As far as Russia’s support for Kurdish fighters are concerned, it conforms to the international strategy in fight against ISIS. The new base is of no use as air support for Kurdish fighter is being successfully provided from the current one. The Syrian skies are already too overcrowded to establish new bases.
No country involved in Syria is interested in any incident that could have undesirable consequences regionally and globally. Russia has no interest in provoking Turkey on the ground and to give it any opportunity to blame Moscow for breaking the rules or threatening Turkish national security.
Furthermore, Russia establishing a new base in such a sensitive region would mean downgrading of its strategic position in the Syrian peace process and deepening the misunderstanding with its western counterparts, who are currently more intent on cooperation than confrontation with Russia.
In the worst case scenario, the establishment of a new base would make the Syrian peace process collapse. This would mean the conflict would be led toward a military settlement and not a political one. Russia understands these possibilities and is not interested in widening the conflict especially in the current circumstances involving the peace process.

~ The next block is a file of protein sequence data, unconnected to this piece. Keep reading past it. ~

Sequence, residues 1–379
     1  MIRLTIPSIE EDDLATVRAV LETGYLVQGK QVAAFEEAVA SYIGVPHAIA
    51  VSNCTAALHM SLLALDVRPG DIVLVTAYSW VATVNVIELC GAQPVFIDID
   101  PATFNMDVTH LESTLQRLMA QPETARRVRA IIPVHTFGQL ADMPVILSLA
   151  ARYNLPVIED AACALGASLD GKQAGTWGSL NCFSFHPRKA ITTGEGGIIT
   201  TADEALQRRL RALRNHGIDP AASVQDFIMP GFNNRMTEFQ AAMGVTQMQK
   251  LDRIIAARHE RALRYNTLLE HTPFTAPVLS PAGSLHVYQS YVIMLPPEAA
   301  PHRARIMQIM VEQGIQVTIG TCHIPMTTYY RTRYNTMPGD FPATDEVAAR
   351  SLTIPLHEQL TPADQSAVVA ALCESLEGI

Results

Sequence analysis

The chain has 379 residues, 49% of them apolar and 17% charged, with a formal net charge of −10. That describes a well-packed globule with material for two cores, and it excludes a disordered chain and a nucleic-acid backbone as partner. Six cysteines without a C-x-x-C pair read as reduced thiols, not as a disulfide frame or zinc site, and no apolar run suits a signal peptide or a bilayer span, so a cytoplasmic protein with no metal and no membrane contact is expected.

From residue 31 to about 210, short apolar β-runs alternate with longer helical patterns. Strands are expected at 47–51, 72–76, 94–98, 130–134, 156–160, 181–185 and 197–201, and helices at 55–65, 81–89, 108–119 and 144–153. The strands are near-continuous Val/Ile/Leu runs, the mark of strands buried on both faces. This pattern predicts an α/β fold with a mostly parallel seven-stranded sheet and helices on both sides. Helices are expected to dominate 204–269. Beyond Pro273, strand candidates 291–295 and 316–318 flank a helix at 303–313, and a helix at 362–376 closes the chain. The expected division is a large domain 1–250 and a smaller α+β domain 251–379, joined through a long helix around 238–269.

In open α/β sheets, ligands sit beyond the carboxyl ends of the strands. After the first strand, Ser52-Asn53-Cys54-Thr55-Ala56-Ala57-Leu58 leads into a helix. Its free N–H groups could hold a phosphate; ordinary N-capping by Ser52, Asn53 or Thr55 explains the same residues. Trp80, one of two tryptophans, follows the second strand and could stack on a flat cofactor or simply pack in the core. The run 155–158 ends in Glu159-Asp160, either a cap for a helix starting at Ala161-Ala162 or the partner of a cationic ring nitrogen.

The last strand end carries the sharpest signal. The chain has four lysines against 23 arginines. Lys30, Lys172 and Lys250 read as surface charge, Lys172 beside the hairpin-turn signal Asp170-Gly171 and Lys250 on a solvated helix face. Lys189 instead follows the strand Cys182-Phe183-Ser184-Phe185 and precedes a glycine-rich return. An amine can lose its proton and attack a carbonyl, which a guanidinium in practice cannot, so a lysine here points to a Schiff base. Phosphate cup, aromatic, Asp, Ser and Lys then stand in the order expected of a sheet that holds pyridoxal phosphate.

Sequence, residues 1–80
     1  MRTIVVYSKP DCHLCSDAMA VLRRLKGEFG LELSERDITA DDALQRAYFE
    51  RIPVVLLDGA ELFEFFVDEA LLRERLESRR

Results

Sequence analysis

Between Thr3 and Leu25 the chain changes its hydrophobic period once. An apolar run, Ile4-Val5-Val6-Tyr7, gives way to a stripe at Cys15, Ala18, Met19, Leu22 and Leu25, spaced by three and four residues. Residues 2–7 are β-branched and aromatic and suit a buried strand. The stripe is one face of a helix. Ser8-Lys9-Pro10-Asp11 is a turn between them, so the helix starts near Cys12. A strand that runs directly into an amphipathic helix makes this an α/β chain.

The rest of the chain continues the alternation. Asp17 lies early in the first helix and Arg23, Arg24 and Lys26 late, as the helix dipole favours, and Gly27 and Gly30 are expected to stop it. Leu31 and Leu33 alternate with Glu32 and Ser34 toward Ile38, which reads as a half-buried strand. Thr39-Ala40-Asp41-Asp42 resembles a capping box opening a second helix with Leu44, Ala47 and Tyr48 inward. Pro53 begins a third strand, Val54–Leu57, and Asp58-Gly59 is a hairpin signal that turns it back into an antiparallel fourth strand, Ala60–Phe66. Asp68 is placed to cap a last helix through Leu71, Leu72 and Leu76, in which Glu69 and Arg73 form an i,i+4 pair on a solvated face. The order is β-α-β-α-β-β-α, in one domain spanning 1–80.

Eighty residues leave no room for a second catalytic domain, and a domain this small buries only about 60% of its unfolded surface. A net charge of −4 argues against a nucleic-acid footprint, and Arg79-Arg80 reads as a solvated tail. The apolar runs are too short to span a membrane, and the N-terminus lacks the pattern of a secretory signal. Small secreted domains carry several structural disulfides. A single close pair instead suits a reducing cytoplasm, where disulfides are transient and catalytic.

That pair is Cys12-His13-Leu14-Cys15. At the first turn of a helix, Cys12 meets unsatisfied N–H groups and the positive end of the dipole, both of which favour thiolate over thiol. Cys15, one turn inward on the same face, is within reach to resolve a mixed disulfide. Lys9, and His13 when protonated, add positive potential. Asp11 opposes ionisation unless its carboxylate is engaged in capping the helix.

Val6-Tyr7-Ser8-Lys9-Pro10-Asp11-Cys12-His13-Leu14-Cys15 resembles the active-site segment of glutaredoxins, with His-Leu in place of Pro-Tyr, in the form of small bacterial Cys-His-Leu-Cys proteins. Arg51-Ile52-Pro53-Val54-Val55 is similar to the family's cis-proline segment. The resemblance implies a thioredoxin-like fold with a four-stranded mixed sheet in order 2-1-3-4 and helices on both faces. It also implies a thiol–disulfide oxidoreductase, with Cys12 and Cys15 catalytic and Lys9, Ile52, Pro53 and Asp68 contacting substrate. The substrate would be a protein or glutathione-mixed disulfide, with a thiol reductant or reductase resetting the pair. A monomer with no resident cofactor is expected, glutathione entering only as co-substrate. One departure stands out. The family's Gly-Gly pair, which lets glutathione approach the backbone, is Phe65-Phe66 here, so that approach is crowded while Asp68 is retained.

At one level, these rumors are most likely to be part of Turkey’s clumsy maneuver in its ongoing information war with Russia. On the other hand it could be an attempt to stall the peace process should its progress is not in keeping with what Erdogan had previously imagined.
Maria Dubovikova is a President of IMESClub and CEO of MEPFoundation. Alumni of MGIMO (Moscow State Institute of International Relations [University] of Ministry of Foreign Affairs of Russia), now she is a PhD Candidate there. Her research fields are in Russian foreign policy in the Middle East, Euro-Arab dialogue, policy in France and the U.S. towards the Mediterranean, France-Russia bilateral relations, humanitarian cooperation and open diplomacy. She can be followed on Twitter: @politblogme